Synapses play a vital role in information transduction between neurons and are essential for complicated signal processing and network organization in the nervous system [15, 16]. Impaired synapse physiology is involved in the pathogenesis of many neurodevelopmental and neurodegenerative diseases, such as autism , Down syndrome , epilepsy , Alzheimer disease [30, 31], and Parkinson disease . In the present study, we noted a reduction in the numerical density and an increase in ultrastructural defects of synapses in the thalamus of rats with WMI induced by HI injury, probably leading to physiological and behavioral dysfunction [16, 27–33]. In addition, the thalamus has extensive connections with cortical regions and serves as a relay station for sensory information transduction to the cortex, participating in vision formation [11, 34]. The network connecting the thalamus and cortex displays regulatory properties in learning, memory, decision-making, and other cognitive behaviors [11, 35, 36]. The importance of connections was highlighted for its association with neurological disabilities . The injury to the thalamus may involve multiple developmental domains, which is consisted with the neurological disabilities including adverse neurocognitive outcomes, visual dysfunction, disturbances in learning, memory, attention, and executive function in WMI survivors that cannot simply be induced by myelination failure. Hypomyelination accompanied by synaptic defects in the thalamus may provide a more comprehensive and reasonable pathological basis for the broad spectrum of disabilities observed in these patients. Thus, we choose the thalamus as a typical area for research, focusing on the synaptic defects in the thalamus. However, neuronal degeneration in the hippocampus and cerebellum was reported in some neuroimaging and neuropathological studies [12, 37]. The relation of the hippocampus and cerebellum deficits after HI injury with cognitive disability in WMI survivors needs further exploration.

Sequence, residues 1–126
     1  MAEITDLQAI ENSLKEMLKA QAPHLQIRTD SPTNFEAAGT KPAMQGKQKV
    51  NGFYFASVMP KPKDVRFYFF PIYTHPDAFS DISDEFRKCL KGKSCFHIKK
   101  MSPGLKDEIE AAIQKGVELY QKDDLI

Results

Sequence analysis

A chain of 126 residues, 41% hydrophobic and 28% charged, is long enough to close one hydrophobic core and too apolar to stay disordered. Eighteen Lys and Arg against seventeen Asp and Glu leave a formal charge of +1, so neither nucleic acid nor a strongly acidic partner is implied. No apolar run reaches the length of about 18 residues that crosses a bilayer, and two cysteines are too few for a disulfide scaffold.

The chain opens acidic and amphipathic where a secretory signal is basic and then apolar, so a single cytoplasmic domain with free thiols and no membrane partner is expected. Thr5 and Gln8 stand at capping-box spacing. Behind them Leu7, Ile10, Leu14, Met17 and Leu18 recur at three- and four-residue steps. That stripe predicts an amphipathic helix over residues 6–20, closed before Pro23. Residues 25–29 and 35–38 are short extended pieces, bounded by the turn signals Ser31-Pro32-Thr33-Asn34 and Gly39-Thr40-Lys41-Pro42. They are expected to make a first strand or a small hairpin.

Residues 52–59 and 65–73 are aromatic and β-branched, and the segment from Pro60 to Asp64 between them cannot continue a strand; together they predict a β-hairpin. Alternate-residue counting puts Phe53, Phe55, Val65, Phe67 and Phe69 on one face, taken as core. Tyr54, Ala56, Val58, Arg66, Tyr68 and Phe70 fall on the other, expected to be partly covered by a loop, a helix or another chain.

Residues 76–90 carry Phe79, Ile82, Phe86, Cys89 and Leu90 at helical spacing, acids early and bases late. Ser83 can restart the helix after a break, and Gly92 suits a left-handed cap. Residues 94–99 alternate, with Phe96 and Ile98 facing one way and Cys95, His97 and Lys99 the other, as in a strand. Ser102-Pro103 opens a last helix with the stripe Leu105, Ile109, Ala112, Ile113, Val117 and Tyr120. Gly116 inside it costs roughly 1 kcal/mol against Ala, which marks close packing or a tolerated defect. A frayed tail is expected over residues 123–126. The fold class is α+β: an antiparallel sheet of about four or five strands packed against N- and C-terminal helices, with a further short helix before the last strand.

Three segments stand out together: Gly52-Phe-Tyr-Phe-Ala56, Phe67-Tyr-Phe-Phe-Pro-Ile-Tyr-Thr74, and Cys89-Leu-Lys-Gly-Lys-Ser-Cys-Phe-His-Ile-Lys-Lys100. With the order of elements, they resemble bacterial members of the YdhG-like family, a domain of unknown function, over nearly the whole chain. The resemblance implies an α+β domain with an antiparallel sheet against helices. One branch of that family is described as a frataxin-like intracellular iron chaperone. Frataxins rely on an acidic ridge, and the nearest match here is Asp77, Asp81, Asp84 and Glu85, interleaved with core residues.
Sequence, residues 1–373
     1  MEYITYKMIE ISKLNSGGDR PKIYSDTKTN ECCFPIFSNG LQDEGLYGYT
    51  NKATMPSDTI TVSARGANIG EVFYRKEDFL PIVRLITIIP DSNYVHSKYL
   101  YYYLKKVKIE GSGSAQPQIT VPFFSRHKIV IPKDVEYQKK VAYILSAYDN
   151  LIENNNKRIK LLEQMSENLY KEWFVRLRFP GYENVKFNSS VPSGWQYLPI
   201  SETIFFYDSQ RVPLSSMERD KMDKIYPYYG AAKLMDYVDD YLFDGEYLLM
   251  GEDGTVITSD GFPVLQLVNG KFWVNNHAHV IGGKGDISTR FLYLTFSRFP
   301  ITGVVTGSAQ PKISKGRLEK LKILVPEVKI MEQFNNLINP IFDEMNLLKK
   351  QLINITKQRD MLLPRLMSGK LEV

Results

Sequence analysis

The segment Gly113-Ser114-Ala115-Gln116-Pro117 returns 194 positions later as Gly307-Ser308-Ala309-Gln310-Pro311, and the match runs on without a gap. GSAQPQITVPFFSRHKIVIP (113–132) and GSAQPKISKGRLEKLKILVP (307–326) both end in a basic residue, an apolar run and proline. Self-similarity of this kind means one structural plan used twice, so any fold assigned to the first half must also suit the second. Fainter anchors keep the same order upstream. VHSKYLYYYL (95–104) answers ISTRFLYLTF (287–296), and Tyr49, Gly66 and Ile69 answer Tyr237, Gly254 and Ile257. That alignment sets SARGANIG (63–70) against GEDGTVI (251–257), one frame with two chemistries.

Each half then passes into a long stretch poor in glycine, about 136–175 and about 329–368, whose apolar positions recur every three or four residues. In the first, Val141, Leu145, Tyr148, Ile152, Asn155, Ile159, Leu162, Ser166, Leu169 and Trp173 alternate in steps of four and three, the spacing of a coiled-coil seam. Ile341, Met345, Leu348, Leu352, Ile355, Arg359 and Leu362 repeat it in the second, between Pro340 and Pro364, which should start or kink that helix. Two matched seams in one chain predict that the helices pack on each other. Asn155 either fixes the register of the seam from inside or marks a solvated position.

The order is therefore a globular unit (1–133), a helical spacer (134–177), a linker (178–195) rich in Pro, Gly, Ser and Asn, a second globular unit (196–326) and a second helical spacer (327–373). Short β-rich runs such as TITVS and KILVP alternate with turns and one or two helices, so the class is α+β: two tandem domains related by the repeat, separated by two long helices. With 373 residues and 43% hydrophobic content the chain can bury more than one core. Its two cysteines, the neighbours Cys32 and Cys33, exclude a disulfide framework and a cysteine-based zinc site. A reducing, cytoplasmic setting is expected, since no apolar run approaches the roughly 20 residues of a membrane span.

Presynaptic membranes are primarily located on axon terminals, while postsynaptic membranes are located on dendritic spines. McClendon et al. found neuronal dysmaturation in response to HI injury in the caudate nucleus of fetal sheep, which manifested as a decrease in dendritic spines without neuronal death . By performing quantitative volumetric and DTI measurements, Nagasunder et al. reported a volumetric reduction in the thalamus and thalamic microstructural abnormalities in PVL survivors, suggesting axon degeneration that likely contributed to cognitive visual processing disabilities . The above two findings provide possible anatomic evidence for abnormal synaptic abnormalities in patients with WMI.